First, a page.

Dr. Belu: One of the challenges throughout my career has been knowing what I want to do one or more years from now. Part of this challenge is being familiar with the possibilities, and another of part is that I like to do so many different things that it has been difficult to commit to one career path. I think I have been most successful by taking advantage of opportunities that come my way and doing my best with them. If an opportunity comes up and nothing tells me not to do it, I take advantage of it. I always learn whether I like that area or not, and typically a new opportunity opens up because of it. Many times the opportunities are extra work, but they have given me a broad background of experiences and skills that allow me to be successful today. I have been able to string opportunities together to build a career, and meanwhile I pursued my other interests as hobbies.


Balancing family and work is always a challenge, especially since both are top priority! Really though, it is that simple--anything else is a much lower priority so I only have to focus on the two areas. The biggest blessing I have is my husband who is a stay-at-home dad to our two young daughters and dog. Our choice gives my career a lot of flexibility and allows me to work long hours and travel when I need to. It also allows me to give 100% of my attention to my girls when I am not working--I don’t have to worry about shopping, or paying the bills, or even cooking or cleaning! OK, so no one in our family cleans the house very much, but nothing is perfect!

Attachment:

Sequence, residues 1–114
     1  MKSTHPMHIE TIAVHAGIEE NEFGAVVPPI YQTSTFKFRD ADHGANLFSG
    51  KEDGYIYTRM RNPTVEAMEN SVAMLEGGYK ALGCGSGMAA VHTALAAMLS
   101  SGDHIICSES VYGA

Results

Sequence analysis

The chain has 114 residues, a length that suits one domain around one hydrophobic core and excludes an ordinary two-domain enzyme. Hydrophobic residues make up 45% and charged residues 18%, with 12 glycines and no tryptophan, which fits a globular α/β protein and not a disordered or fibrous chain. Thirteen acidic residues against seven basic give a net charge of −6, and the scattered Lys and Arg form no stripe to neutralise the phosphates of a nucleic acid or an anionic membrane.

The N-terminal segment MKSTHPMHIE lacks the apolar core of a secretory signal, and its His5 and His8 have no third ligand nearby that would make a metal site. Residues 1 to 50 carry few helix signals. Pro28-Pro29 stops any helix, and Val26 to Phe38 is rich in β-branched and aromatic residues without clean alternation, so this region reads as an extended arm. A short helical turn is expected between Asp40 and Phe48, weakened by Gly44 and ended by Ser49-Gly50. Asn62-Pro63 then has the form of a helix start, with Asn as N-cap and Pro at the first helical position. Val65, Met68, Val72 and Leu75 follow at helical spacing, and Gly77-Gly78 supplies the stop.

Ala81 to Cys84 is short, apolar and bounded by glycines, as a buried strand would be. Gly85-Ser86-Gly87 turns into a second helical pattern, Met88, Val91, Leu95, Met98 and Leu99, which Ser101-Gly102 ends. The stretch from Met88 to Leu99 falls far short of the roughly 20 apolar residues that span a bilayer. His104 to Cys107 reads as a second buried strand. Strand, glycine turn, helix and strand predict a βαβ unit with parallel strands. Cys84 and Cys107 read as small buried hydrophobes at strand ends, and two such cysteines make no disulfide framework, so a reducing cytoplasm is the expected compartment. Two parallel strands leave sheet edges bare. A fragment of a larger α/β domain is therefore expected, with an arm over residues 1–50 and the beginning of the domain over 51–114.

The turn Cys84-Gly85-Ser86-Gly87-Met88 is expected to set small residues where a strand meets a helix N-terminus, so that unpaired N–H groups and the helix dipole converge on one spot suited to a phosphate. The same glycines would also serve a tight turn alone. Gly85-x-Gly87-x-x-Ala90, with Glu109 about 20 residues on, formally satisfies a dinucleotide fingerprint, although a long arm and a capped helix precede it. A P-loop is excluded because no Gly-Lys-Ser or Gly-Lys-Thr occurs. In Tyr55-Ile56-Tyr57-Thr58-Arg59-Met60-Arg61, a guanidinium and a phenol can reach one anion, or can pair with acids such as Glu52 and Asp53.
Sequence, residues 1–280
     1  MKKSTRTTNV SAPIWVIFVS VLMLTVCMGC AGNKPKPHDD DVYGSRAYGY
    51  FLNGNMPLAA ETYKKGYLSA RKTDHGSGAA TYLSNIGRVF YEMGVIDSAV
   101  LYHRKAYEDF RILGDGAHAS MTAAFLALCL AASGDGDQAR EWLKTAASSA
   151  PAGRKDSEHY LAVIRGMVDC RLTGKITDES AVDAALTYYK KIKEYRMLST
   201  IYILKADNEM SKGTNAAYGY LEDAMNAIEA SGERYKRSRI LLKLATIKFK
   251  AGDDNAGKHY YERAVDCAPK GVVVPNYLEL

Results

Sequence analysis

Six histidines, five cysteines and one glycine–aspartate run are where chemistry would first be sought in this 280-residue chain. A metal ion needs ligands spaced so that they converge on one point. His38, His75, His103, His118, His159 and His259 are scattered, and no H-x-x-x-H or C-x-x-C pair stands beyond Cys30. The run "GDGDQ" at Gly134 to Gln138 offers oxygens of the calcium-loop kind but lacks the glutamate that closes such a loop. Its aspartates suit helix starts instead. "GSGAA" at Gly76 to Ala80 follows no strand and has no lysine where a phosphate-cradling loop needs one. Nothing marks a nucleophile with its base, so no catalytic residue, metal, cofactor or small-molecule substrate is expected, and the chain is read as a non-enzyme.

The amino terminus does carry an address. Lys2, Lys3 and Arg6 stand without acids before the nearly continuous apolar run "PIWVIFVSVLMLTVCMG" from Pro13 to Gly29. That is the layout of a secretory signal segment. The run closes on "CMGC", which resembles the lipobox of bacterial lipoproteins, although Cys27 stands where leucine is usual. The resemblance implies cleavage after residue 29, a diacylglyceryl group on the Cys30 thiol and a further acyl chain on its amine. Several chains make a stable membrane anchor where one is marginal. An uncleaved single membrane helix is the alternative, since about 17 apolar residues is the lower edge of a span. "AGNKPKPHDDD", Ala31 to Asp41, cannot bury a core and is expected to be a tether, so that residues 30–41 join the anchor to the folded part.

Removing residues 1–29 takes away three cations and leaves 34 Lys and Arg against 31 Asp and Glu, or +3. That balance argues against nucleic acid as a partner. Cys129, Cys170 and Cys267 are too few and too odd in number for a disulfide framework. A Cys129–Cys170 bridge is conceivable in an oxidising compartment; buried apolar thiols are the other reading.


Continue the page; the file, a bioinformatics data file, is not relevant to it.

(A 6-legged 5K race that Dr. Belu won last year! Her two daughters are at lower right.)

WIN: 3) What are your hobbies? What do you like to do in your leisure time?


Dr. Belu: I like being outdoors and being active. I am a trail runner at heart and I used to run marathon-plus distances. I don’t have the time or passion to train for the long miles these days, and am content getting out for 5-6 miles/day. I often bike ~12 miles to work. It is an effective way to clear my mind, get my fill of the outdoors, and avoid the congested highways. Fortunately, my family loves the outdoors also, so we spend much of our free time hiking and camping. We also enjoy volunteering and helping out in our local community.


WIN: 4) What are the advice you can provide for young scientists, graduate students, and college/high school students who want to pursue career in science?


Dr. Belu:


  • Look for opportunities and programs to explore science careers. There are many out there!
  • Find a mentor or people familiar with science careers. Ask them to help you learn about different job possibilities.
  • Know what you are good at and what you enjoy doing, or at least try to figure it out. Some of your talents can be useful in your job and career, and the others can be fulfilled as hobbies.

(Photo credit: Photos provided by and used with permission from Dr. Belu. Lab: Credit to Lisa LaGoo; Race: Credit to Bruce Lemmons).


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1 Comment

Reply Lo
10:28 AM on August 25, 2017 
if you're interested in more medtronic articles, or other news about the latest and greatest in medical technology I found this blog a nice synopsis: http://www.ampronix.com/blog/cat/news